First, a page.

Tracking Late Fees

03-1119 / March 2004
Tracking Late Fees

Mr. C. Kevin Kolar
Bradford Scott Data Corporation
9365 Counselor’s Row, Suite 210
Indianapolis, IN 46240

Re: Tracking Late Fees.

Dear Mr. Kolar:

You have asked if a federal credit union’s (FCU) data processing software may track the collection of a late fee assessed against a borrower by posting the amount to a “partial payment” account. As discussed below, we believe this treatment does not violate NCUA’s credit practices rule.

NCUA’s credit practices rule addresses the circumstance in which a borrower has incurred a late fee that remains unpaid. 12 C.F.R. § 706.4. Where the member’s next regular payment is made on time and in the scheduled amount, the rule prohibits an FCU from assessing another late fee simply because the amount of the subsequent loan payment does not include payment of the late fee assessed in the earlier period. 12 C.F.R. § 706.4(a). The rule is designed to prohibit the “pyramiding” of late fees.

We understand that your firm provides data processing services for FCUs. Your letter describes several scenarios involving the treatment of late fees. You first discuss the circumstance in which a debtor makes a regular payment late and incurs a late fee. In the period in which the fee is assessed, an amount equal to the fee, which would have otherwise been credited to principal, is taken from the regular periodic payment and applied to the late fee. Because of the application of the late fee, the term of the loan will be extended beyond its regularly scheduled maturity, since principal will be short by an amount equal to the late fee. Because the debtor paid the regular monthly payment amount, however, the due date is advanced to the next regularly scheduled payment date.

This illustration complies with the rule, since the tender of the regularly scheduled payment is sufficient to advance the due date, even though the late fee is assessed. Thus, the next scheduled payment will be due in the regular amount, and payment of that amount will not be considered insufficient or delinquent even though it does not include an additional amount equal to the late fee assessed in the earlier period.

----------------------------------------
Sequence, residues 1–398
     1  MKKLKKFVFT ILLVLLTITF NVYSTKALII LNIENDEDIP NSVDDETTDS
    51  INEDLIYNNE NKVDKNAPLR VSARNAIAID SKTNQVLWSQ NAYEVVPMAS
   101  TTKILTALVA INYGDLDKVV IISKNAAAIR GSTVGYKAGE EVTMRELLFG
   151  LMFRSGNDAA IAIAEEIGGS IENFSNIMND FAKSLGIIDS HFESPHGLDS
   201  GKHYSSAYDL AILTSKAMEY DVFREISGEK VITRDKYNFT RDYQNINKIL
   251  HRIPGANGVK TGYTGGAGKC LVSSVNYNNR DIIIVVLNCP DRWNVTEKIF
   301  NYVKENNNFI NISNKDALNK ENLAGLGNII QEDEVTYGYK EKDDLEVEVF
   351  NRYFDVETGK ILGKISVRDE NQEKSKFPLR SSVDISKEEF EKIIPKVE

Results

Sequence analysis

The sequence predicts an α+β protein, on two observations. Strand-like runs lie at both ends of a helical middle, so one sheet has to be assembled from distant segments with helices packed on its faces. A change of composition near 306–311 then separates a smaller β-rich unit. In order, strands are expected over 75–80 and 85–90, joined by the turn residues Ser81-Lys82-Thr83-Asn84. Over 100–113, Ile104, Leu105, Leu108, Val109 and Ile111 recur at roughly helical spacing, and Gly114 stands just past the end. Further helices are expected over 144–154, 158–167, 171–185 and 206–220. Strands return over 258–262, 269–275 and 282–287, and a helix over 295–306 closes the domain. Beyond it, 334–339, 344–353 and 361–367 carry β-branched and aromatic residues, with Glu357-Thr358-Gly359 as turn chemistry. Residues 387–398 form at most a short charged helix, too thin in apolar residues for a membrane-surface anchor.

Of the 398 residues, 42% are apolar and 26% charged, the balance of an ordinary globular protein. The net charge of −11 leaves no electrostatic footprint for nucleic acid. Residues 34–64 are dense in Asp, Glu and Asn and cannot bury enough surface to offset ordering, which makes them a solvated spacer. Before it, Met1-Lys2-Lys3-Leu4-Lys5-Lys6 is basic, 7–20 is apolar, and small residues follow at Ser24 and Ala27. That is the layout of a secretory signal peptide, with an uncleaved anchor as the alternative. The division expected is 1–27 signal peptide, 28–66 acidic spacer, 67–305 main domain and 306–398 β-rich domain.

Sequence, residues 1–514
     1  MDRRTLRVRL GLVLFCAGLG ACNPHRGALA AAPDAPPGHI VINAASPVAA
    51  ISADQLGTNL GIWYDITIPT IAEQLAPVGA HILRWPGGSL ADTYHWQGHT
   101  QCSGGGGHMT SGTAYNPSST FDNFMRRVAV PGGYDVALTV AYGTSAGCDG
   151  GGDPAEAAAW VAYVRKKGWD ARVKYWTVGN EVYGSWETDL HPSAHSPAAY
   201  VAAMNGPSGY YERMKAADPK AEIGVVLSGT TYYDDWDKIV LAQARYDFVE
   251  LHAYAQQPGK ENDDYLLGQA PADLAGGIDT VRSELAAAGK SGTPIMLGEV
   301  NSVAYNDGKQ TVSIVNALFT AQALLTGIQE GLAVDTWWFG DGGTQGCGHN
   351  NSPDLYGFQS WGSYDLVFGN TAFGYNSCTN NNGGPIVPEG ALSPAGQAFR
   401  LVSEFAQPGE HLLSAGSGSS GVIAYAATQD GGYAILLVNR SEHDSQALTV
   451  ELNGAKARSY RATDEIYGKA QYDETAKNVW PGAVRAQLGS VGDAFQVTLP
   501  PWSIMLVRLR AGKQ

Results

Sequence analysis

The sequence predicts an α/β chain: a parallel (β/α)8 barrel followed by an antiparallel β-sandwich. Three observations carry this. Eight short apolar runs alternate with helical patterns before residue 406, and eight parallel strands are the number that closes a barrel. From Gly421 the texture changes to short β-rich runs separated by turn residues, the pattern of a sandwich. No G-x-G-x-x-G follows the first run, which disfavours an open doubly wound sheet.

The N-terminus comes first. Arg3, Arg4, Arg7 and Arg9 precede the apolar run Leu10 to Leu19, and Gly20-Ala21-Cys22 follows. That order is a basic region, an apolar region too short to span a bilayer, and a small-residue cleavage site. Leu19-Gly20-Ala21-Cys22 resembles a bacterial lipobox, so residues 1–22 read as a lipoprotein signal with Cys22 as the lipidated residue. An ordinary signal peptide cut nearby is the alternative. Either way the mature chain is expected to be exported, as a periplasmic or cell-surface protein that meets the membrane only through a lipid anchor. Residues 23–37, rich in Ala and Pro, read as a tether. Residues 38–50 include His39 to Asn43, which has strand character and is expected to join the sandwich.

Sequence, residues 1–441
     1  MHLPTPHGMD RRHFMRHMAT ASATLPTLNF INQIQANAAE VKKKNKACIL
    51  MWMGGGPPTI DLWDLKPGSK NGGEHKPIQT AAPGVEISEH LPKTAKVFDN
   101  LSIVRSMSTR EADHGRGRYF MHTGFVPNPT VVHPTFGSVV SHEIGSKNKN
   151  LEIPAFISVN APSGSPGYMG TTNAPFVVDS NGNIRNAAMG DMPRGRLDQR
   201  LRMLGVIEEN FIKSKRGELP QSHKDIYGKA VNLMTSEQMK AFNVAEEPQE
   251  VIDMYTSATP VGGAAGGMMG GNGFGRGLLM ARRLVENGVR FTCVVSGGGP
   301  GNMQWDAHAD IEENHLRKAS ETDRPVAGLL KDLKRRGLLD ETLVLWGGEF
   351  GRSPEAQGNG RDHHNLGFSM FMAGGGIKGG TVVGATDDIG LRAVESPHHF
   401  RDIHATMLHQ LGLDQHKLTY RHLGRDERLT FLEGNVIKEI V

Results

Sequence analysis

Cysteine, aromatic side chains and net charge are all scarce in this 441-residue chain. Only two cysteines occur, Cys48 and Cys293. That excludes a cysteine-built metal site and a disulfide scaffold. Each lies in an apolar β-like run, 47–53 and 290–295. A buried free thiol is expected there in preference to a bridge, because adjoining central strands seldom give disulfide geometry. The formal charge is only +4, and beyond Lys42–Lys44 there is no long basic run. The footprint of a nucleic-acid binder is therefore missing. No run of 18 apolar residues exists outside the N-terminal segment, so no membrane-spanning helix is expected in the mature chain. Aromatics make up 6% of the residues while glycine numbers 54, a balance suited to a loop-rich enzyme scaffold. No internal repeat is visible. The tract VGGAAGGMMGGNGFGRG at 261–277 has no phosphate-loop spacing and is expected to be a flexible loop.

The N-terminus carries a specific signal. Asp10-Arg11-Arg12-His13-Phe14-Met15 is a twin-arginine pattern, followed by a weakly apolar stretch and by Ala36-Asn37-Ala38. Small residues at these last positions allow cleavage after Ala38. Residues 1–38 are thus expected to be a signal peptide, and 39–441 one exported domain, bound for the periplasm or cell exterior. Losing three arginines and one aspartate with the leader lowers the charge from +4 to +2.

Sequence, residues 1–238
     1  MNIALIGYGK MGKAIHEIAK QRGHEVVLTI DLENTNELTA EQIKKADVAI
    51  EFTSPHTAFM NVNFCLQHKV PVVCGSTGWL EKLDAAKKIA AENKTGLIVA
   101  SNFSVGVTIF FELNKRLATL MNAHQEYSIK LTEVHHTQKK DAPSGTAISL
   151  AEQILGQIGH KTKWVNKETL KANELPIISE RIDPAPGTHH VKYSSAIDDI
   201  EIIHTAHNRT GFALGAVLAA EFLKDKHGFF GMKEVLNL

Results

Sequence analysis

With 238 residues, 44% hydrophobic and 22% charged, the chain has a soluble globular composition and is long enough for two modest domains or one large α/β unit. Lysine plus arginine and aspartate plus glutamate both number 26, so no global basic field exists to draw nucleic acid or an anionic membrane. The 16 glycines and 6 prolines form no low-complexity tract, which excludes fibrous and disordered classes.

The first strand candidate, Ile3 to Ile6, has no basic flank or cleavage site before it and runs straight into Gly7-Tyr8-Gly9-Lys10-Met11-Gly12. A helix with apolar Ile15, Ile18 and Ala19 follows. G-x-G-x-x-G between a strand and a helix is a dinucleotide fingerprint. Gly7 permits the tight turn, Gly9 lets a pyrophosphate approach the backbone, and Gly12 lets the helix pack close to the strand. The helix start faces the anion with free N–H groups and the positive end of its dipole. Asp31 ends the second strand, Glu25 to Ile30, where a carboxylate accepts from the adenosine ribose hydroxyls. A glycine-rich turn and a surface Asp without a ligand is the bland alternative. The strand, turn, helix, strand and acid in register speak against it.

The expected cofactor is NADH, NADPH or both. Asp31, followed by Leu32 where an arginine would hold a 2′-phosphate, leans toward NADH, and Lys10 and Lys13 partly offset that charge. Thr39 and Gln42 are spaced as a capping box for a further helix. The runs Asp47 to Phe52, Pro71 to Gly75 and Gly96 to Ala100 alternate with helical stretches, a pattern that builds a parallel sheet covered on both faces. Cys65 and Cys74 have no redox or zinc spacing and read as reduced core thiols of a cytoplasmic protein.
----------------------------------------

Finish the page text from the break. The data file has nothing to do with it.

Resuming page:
Your letter also discusses the circumstance in which the borrower includes an additional amount, equal to the late fee assessed, with his regular periodic payment. You have asked about the appropriate data processing treatment for this additional amount, since it reflects an excess over the regularly scheduled payment of principal and interest. Your software handles the additional amount representing the late fee as though it were a partial payment, in other words, a payment in advance against the next regularly scheduled payment. We believe this treatment is permissible, even though it will not be shown on the member statement as an actual prepayment. Instead, as we understand, this approach is simply a way for the data processing system to account for and accept the payment.

Your letter goes on to describe a circumstance that is not in compliance with our rule. In this case, the FCU assesses a late fee against the amount tendered by the borrower but characterizes the payment as short because the borrower has only made the regular monthly payment, which is not enough to cover both principal and interest and the late fee. Thus, the due date is not advanced and the loan is considered delinquent. The next regularly scheduled payment is made, on time, but the FCU assesses another late fee because of the previously declared delinquency. In this example, the borrower’s subsequent payments, made on time and in the prescribed amount, are not properly treated because of a preexisting delinquency. This is the type of treatment that is prohibited by our rule. 12 C.F.R. § 706.4(a).


Sheila A. Albin
Associate General Counsel



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